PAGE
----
Thursday, 13 November 2014

The Foaming Shadow - Skeleton Encounter #5

Finally, here's a fifth skeleton encounter that fits on two sides of an index card, to follow the previous:

#5 The Foaming Shadow

As the PCs travel by ship they or their crew notice that a shadow under the surface of the water, is tracking them. The crew speculate that this is a whale, or a giant shark, or some chimeric sea monster. Those observing closely will see that the surface of the water is broken by roiling bubbles. At least one old sea dog will surely know the following legend... they did hire an experienced crew, didn’t they?

The PCs’ ship is being pursued by a sunken ship crewed by the undead. The ship was once the Basilisk, captained by the notorious pirate Spittlebeard. Notoriety can be a dangerous thing, and the city states of the coast commissioned a fleet to hunt the pirate. The Basilisk was driven into a deep inlet. The fleet set her ablaze, their catapults launching jars of flaming oil. The legend goes that not a single pirate attempted to escape the flames. The Basilisk with her crew, and all her treasure. This encounter can be used to provide a hook for an underwater adventure to recover the lost treasure of Spittlebeard, but none is carried on the wreck of the Basilisk.     

The PCs can attempt to flee the shadow under the water (see Expert p44). Treat the Basilisk as a LONGSHIP. If the PCs fail to escape, the Basilisk will surface – within grappling range – in a great burst of steam. 50 SKELETONS swing and climb across, and, when close enough, leap over the gunwales with daggers held in bony jaws. The Basilisk itself is but a skeleton of a ship, merely charred ribs, keel, stern and bow (with Basilisk figurehead). The ship, and the SKELETONS, are wreathed in barely visible hell-flame.   

SPITTLEBEARD= AC: 5, HD: 5, HP: 30, MV: 60’/20’, ATT: 2 Cutlass +2, DAM: 1d8+2/1d8+2, SV: F5, MR: 9, AL: C, XP: 300

These Skeletons are possessed by the lingering personality of SPITTLEBEARD, who has made a pact with a Great Evil in order to continue an unlife of plunder. Dressed in tattered finery, he can speak and reason, but is quite mad, having just two desires, to collect gold, silver and gems, and to kill while doing so. PCs may be able to exploit either of these desires, and SPITTLEBEARD will flee (MR: 9) if the battle looks like it will fulfil neither desire. SPITTLEBEARD carries a map to his underwater lair – presumably a place of interest to a Great Evil – and fights with a CUTLASS +2.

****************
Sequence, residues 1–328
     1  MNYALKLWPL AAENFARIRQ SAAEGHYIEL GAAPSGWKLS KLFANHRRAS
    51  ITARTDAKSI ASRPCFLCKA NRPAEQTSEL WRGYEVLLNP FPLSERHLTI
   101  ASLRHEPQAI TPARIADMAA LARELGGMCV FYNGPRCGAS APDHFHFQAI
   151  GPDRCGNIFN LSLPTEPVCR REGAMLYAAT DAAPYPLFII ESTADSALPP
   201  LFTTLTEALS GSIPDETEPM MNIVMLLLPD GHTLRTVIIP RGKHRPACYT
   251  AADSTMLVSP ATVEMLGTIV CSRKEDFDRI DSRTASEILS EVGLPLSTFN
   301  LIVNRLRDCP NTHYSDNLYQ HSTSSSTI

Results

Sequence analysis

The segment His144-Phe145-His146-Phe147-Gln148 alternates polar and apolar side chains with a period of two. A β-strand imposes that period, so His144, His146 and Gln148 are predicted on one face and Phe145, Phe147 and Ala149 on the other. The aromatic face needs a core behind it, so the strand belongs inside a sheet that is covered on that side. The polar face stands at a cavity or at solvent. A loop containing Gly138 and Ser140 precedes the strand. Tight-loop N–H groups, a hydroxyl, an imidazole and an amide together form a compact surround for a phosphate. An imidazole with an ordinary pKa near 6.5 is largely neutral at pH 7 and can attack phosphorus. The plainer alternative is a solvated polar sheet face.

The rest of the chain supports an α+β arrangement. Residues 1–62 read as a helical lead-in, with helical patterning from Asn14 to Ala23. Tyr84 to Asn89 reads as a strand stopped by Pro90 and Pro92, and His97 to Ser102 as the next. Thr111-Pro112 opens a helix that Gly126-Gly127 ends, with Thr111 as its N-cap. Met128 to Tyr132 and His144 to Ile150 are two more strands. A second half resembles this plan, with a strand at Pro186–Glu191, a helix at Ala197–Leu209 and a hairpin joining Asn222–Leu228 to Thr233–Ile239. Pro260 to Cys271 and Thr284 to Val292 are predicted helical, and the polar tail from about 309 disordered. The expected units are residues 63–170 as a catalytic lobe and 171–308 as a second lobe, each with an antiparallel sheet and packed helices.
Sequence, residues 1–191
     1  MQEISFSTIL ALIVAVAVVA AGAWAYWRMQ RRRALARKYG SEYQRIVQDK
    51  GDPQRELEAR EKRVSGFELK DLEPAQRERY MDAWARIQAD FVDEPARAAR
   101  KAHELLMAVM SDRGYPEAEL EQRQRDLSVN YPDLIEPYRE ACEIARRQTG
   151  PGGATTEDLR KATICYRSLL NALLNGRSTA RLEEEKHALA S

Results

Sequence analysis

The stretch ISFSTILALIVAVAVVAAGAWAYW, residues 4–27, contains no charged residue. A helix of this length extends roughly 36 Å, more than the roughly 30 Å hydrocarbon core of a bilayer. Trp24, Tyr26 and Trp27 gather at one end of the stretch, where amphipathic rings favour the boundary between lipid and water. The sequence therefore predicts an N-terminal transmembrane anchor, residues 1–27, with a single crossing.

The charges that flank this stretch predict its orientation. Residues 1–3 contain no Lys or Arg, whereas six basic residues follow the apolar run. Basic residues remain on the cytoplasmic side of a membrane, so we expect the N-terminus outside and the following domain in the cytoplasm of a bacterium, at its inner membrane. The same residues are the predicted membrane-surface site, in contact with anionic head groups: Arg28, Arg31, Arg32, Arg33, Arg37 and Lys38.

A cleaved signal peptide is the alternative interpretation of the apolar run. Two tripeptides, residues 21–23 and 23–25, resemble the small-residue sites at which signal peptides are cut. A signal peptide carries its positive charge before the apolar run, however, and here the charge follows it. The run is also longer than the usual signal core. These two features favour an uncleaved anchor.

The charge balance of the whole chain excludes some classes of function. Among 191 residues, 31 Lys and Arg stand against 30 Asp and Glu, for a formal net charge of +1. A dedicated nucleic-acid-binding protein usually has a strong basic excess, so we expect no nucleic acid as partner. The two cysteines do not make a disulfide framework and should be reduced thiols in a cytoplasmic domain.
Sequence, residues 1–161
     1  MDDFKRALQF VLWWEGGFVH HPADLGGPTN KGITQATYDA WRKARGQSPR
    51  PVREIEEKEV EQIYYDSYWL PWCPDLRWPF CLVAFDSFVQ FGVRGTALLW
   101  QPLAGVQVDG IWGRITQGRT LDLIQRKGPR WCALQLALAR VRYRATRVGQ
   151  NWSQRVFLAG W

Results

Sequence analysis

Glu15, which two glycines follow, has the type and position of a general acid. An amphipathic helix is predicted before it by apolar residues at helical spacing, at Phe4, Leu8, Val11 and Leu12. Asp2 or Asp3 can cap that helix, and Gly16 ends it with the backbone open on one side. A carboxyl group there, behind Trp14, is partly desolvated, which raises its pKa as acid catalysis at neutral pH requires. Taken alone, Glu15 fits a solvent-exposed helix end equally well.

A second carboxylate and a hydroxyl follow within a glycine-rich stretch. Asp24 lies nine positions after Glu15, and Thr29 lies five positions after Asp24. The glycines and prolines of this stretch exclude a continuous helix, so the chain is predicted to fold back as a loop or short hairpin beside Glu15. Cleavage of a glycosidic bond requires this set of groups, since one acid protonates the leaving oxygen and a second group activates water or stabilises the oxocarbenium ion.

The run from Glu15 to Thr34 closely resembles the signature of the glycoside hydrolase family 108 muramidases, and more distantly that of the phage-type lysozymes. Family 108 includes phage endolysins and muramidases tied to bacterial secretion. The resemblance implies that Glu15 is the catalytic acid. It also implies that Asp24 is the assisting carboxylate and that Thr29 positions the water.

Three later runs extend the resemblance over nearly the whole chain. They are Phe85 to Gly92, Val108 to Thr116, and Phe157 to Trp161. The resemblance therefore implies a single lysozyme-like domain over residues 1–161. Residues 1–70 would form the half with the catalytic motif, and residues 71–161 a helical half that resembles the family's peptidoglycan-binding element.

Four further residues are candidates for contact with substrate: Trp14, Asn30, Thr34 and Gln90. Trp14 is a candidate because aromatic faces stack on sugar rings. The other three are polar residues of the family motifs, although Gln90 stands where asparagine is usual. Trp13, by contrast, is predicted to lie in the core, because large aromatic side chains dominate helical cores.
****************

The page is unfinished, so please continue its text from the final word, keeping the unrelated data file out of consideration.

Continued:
HWWJD? (more on AFF2e Skill Tests)

One of the ways to judge what kind of modifier should be applied to a Skill Test in AFF2e is to consider John of Salamonis, an ordinary human with some expertise in the task at hand (effective SKILL 7), and ask how difficult should this task be for him. As described in my last post, he has roughly a 60% of success at an unmodified Skill Test, which accords with the kind of score I usually give to a competent (but not ‘expert’) practitioner in a BRP/d100 game. Which is nice.

But let’s lay it all out in a table:
* In my own games, effective Skill for any task, including combat, is capped at 12. Achieving SKILL + Special Skill scores of greater than 12 allows Adventurers to have better chances of dealing with the kind of heroic level obstacles that impose large negative modifiers.

So, the top line gives us the modifiers that might be imposed on John of Salamonis. The second line gives us his chances of success (vs a target number of 14) as we vary the difficulty of the task. But we don’t need this level of accuracy when we are ‘eyeballing’ task difficulty. So the third line gives us his chances rounded to the nearest 10%, just as I handle BRP/d100 NPCs. As we see, this means that each extra +/-1 modifier can be imagined as adding or subtracting 10% from his chances of success. Which is nice.